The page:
South Asia ranks high on climate risk index

[NEW DELHI]  A global report ranks India, the world’s second most populous country, at the 10th position among countries in Asia at climate risk, based on the impact of extreme environmental events documented from 1980—2013.

The Global Sustainable Development Report 2015 (GSDR) released this month (February) by the Delhi-based The Energy and Resources Institute (TERI) while ranking 193 countries, places Mozambique at the highest spot globally on climate risk, followed by Sudan and North Korea.

Most South Asian countries figure within the top quarter of the 193 countries at climate risk and are among the top 20 within Asia. Bangladesh ranks third while Sri Lanka, Nepal, Bhutan and Pakistan are 14th, 15th, 16th and 17th respectively.

“This is probably the first-ever study assessing progress of all regions and countries of the world covering climate risk, climate mitigation and climate adaptation,” says Rajendra Kumar Pachauri, director general of TERI and, until his resignation this month, chair of the Intergovernmental Panel on Climate Change.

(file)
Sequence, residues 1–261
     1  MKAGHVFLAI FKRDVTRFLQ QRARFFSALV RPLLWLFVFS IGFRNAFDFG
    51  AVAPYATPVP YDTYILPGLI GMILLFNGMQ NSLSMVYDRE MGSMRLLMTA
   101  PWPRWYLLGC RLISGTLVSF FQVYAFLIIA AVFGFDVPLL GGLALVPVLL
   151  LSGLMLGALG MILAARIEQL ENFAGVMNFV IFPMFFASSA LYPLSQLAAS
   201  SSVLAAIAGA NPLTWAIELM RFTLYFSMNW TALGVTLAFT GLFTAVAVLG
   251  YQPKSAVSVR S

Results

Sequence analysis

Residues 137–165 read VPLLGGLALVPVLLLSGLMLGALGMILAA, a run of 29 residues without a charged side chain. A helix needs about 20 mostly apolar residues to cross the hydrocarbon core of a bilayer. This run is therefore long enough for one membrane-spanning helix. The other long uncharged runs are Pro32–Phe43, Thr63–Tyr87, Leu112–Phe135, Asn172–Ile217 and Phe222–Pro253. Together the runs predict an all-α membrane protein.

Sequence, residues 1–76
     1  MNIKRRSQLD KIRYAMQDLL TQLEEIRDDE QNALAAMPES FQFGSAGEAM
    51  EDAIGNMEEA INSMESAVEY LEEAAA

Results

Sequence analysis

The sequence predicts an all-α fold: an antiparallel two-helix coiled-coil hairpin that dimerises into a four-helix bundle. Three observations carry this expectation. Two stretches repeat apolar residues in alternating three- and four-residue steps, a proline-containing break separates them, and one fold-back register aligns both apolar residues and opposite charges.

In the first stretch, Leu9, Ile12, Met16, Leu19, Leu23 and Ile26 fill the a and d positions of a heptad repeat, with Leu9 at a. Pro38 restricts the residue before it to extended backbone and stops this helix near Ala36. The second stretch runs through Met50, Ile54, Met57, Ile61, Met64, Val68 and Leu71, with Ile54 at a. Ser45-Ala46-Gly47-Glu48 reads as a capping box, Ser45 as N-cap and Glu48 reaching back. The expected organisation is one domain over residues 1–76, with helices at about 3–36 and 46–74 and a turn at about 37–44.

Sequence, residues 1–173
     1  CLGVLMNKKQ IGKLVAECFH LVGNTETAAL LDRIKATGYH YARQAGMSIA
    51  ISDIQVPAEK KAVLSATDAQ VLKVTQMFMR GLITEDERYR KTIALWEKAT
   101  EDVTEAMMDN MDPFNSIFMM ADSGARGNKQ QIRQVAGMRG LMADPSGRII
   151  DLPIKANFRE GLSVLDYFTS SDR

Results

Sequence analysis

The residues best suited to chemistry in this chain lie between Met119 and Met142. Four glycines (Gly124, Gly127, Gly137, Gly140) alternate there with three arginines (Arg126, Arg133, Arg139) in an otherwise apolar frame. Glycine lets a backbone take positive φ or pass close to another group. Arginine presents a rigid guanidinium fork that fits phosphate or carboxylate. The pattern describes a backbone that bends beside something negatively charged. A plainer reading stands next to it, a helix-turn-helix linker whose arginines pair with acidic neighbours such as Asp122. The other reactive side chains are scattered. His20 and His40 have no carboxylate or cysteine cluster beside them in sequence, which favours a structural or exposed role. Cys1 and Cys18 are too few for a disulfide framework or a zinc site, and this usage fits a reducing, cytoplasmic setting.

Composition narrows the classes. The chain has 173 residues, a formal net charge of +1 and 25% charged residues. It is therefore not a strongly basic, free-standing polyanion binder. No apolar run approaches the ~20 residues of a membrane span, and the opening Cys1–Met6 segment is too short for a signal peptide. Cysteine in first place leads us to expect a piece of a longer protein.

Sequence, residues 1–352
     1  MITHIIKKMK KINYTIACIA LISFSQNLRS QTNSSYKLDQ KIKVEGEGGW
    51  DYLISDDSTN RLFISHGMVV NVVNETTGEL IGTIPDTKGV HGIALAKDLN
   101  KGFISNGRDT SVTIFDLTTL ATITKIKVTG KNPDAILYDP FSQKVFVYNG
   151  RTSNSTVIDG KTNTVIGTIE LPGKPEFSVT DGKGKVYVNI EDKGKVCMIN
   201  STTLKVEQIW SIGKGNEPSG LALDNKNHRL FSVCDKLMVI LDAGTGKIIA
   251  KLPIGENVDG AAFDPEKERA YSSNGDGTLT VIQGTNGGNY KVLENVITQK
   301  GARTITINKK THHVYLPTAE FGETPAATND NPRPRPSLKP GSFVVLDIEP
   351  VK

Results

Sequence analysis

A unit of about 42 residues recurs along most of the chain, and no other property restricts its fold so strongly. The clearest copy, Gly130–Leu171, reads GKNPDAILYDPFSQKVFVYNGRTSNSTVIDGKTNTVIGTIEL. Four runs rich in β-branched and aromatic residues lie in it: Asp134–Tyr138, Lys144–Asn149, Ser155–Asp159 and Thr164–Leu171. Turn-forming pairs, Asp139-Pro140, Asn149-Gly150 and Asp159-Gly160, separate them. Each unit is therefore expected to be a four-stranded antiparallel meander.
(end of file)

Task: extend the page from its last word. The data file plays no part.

The report suggests an increasing trend in the recent decade of natural disasters, more specifically hydro-meteorological or climate related. There was a 10-fold increase from 50 to 525 extreme weather events over 26 years from 1975—2002.

In the 60-year period between 1970 and 2030, Asia will have a major share of extreme events of floods, cyclones and sea level rise, the report says. By 2050 sea level rise will hit Asia the most, affecting 83 million people, compared to 16.5 million in Europe, 9 million in North America and 6 million in Africa.

By 2011, 95 per cent of deaths and most economic damages were reported from developing countries. “This will remain so in the near future or may increase,” says the GSDR.

Since 1971, around 825,000 people in South Asian region died in natural disasters, while direct damages were over 80 billion dollars. In the past decade alone, nearly 700 million people, half of the region’s population, was affected by one or more disasters, concurs Disaster Risk Management in South Asia: A Regional Overview, World Bank’s 2013 report.

Quantifying future economic losses to climate events, the Asian Development Bank’s 2014 study finds South Asia losing the equivalent of 1.8 per cent of annual GDP by 2050. The Maldives and Nepal will be the hardest hit, with projected GDP losses of 12.6 per cent and 9.9 per cent, respectively by 2100.

Jaco Cilliers, UNDP’s India country director, tells SciDev.Net that India is beginning to mainstream policies that save lives and help communities to prepare long-term resilience through safe, low-cost housing, alternate livelihoods and climate resilient farming.

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